Another five star experience in downtown Charleston. Circa 1886 is off the beaten path and a little challenge to find, but be persistent and you will be rewarded. We had a great meal last night, the service was great and the surroundings are lovely. The food is imaginative and incredibly tasty. We'll be going back.
The Macintosh does not diappoint! Chef Bacon is cooking at his best. The service is warm and the menu changes almost daily. I had the ricotta gnudi, the short rib ravioli's and the deckle. It was amazing you should run not walk to The Macintosh
My husband and I stopped in for a drink and a small bite to eat at the bar last night. Unfortunately we were not particularly impressed. I ordered the "Mac-hattan," which was the worst Manhattan I have ever had - it was really watered down and had ice chips floating in it, presumably from over-shaking. The octopus panzanella was not much better. The octopus was nicely cooked, but everything else on the plate buried the delicate sweetness of the octopus. The heavily buttered mushy croutons and roasted root vegetables were really fatty and heavy, the bitter greens on the plate could have been a nice contrast to the heaviness of everything else, but they were drowned in a dressing reminiscent of Hidden Valley Ranch. Basically it lacked balance and was crying out for some acid. On a high note, my husband enjoyed his rabbit and the Avery Ellie's Brown Ale on draft. We'll give them one more shot for a whole dinner, but my expectations will be a bit lower next time.
Yep - McCrady's lived up to it's great reputation when we dined there last night. The 4-courses with wine pairings was impeccable and the service outstanding. Expensive but worth it.
Had lunch there this week - terrific and very reasonable.
After not liking Queen Anne's Revenge since they opened, we went shortly after they changed their menu because we heard it was much improved. Wrong. Service was just plain abysmal. It took nearly 20 minutes to get drinks and the waitress reeked of cigarette smoke when she delivered them so it seems obvious where the delay was.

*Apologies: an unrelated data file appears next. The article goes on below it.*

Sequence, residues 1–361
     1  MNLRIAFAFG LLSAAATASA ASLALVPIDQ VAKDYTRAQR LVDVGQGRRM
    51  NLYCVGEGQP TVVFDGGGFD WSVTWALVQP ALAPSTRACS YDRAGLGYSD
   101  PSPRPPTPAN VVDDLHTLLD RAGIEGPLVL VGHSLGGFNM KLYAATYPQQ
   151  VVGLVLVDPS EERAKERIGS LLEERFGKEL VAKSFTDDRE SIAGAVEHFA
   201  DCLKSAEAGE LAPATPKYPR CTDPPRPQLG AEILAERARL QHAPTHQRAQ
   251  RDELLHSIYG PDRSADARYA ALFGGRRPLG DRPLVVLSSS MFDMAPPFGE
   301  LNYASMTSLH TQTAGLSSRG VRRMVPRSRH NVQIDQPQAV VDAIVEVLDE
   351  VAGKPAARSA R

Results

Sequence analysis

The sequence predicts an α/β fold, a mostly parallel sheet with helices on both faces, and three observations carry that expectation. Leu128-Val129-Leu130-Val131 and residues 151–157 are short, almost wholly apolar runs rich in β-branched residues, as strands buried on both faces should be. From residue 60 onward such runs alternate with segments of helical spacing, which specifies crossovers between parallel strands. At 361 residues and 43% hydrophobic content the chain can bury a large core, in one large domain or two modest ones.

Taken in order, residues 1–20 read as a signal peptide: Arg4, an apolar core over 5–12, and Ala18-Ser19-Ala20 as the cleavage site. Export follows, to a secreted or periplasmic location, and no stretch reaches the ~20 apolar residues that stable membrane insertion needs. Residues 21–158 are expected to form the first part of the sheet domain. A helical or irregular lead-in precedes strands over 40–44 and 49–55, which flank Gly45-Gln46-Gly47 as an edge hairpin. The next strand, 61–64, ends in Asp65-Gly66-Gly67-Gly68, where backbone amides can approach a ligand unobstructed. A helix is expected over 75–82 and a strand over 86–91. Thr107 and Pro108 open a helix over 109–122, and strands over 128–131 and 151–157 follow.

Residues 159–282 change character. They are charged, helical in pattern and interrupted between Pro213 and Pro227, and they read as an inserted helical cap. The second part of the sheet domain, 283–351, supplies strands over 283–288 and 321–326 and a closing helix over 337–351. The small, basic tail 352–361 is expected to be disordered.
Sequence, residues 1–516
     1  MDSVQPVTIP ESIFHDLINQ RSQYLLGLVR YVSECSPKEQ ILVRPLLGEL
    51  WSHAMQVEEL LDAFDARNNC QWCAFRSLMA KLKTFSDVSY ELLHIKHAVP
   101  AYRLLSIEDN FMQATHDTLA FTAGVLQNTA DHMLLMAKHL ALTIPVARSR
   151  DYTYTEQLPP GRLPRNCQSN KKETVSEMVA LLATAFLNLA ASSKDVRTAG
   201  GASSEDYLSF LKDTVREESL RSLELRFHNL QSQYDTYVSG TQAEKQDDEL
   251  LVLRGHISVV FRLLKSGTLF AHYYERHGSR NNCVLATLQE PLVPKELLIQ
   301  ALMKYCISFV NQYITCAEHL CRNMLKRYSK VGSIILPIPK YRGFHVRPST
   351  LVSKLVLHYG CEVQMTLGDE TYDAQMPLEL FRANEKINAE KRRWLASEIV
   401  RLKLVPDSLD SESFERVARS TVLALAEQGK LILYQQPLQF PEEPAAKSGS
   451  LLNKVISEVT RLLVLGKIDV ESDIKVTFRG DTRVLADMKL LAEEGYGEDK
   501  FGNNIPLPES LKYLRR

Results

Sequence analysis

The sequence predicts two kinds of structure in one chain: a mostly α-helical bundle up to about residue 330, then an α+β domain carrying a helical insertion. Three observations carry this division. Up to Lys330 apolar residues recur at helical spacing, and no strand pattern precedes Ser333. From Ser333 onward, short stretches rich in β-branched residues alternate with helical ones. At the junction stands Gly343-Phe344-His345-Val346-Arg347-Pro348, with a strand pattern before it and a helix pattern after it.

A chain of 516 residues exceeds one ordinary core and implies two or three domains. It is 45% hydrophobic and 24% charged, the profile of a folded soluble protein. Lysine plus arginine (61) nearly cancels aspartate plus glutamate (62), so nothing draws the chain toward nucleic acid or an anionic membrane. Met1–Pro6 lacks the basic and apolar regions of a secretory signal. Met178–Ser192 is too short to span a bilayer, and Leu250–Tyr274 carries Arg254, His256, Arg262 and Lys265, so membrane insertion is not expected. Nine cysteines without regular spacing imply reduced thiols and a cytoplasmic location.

Of the six of us only one enjoyed her entree. My fish special entree was cold to the point the sauce had formed a skin. My partner's mixed seafood was tasty but salty, and the portion was tiny.
It has potential, but not so much that I want to go back.
We've been there once (a few months ago) after The Change.
My only impression is that it was a lot more difficult to find something on the menu I wanted to eat.
Very nice menu that changes based on what is the freshest available. We went with a group of 6 and shared a good selection of the appetizers and everyone enjoyed all, The Rabbit was very rich and tasty and the Fried Squash Blossom was unique and delicious. We also had a good selection of the various entrees with the beef Deckle being a big hit, also loved the Bone Marrow Bread Pudding as a side order. Only slight negative is that it is a very loud space which makes conversation difficult especially with a group.
Been here twice since the slow-open, and it is a welcome addition to the East Cooper dining scene. The pork cheeks and polenta appetizer will make you slap your Mama, and everything else we have had here thus far has been from very good to outstanding. Go now before everyone else catches on.
The best new restaurant in the area. Been there twice since they opened. Got to love how they cook fish; crispy outside, moist and tender inside and spiced incredibly well. Appetizers are amazing and try the Goat Cheese Cheese cake for dessert. I'll be back!
I like the new chef and management. It's much better these days.